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US Withdrawal From TPP Instead of Improving Deal May Be Negative - Senator Kaine

© AP Photo / Shizuo KambayashiA protester holds a placard during a rally against the Trans-Pacific Partnership (TPP) in Tokyo
A protester holds a placard during a rally against the Trans-Pacific Partnership (TPP) in Tokyo - Sputnik International
Tim Kaine claims that Trump's decision to embrace an “America First” trade strategy by abandoning the Trans-Pacific Partnership rather than working to improve the controversial trade agreement could result in negative consequences.

WASHINGTON (Sputnik), Andrew Feinberg — US President Donald Trump’s decision to embrace an “America First” trade strategy by abandoning the Trans-Pacific Partnership (TPP) rather than working to improve the controversial trade agreement could result in negative consequences for the United States, Senator Tim Kaine told Sputnik.

“There was an aspect of the deal that I really felt was problematic and I couldn't support,” Kaine said on Tuesday. “But just completely backing out rather than trying to make the deal better could be negative.”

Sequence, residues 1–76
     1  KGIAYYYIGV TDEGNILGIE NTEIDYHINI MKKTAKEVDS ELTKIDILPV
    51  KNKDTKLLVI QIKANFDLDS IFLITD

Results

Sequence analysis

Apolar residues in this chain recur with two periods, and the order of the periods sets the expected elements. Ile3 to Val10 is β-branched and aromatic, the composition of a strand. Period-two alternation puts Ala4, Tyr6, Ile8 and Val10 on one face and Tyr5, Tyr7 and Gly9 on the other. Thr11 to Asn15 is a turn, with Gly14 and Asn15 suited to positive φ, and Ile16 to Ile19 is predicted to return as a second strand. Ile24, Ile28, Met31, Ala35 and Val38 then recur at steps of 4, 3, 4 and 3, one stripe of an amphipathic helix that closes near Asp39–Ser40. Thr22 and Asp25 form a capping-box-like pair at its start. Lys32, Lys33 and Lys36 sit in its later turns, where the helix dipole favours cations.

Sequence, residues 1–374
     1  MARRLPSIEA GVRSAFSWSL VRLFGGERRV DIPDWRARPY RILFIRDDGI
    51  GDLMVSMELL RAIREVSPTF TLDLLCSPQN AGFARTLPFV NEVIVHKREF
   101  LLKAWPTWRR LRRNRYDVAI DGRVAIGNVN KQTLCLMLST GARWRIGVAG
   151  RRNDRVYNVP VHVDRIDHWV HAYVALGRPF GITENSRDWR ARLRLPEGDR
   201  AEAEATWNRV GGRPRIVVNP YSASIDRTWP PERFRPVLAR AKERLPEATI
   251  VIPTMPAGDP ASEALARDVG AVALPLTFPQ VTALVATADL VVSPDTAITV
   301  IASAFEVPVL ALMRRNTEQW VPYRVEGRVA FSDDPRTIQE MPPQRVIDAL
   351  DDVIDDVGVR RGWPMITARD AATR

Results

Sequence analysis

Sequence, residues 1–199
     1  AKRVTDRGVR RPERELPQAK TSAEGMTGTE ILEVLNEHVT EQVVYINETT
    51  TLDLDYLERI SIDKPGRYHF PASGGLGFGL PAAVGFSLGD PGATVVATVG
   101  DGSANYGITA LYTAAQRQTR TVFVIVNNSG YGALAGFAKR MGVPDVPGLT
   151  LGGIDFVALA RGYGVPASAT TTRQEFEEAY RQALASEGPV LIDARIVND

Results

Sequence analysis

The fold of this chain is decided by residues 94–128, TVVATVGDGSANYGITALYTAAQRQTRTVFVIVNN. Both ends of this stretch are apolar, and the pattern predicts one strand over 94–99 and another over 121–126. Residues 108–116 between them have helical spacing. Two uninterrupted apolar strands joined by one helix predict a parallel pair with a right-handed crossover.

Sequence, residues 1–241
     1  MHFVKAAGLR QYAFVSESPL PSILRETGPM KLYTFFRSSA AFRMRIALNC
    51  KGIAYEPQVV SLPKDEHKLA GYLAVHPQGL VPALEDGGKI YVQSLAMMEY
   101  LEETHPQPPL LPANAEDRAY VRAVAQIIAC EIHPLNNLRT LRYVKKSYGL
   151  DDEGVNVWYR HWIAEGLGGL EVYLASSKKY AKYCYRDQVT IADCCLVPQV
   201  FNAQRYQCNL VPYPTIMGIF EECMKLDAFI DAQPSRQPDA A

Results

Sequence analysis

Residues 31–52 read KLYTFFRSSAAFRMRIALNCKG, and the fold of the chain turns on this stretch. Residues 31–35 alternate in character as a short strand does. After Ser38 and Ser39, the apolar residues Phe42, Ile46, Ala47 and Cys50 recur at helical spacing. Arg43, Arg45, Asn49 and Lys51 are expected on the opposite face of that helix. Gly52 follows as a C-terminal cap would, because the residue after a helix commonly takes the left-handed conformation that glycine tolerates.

On Monday, Trump signed an executive order withdrawing the United States from the TPP, citing concerns that poorly negotiated multilateral trade deals often give US companies incentives to move factories overseas in search of lower labor costs and taxes.

US Senator John McCain attends a news conference at the Benjamin Franklin Library in Mexico City, Mexico December 20, 2016. - Sputnik International
McCain Warns Trump: US Exit From TPP Puts China in Asia’s Economic Driver Seat
Kaine, a Virginia Democrat who would have been Vice President had Hillary Clinton been elected President said he was willing to see what Trump proposes as an alternative to the TPP.

When asked if he thought Trump’s “America First” rhetoric could negatively impact any negotiations on a replacement, Kaine said, “yes.”

“I’m not sure [Trump] is interested in bilateral deals with all those nations,” Kaine added.

US Senate Foreign Relations Committee Ranking Member Ben Cardin told reporters on Tuesday withdrawing from TPP could backfire by creating a void for China to fill. Cardin added, however, that the United States must remain engaged in Asia and withdrawing does not preclude the possibility of bilateral agreements.

Earlier on Tuesday, former National Security Advisor Susan Rice said in a statement that withdrawing from the deal is a blow to US global leadership. Senator John McCain told CBS on Monday leaving TPP would cede economic dominance in the Asia-Pacific region to China.

"They have now a very significant economic role, where 60 percent of the world's economy is in the Asia-Pacific region, and we are stepping back."

Both Trump and Democratic presidential opponent Hillary Clinton had vowed to reject the TPP, a deal that former US President Barack Obama supported.

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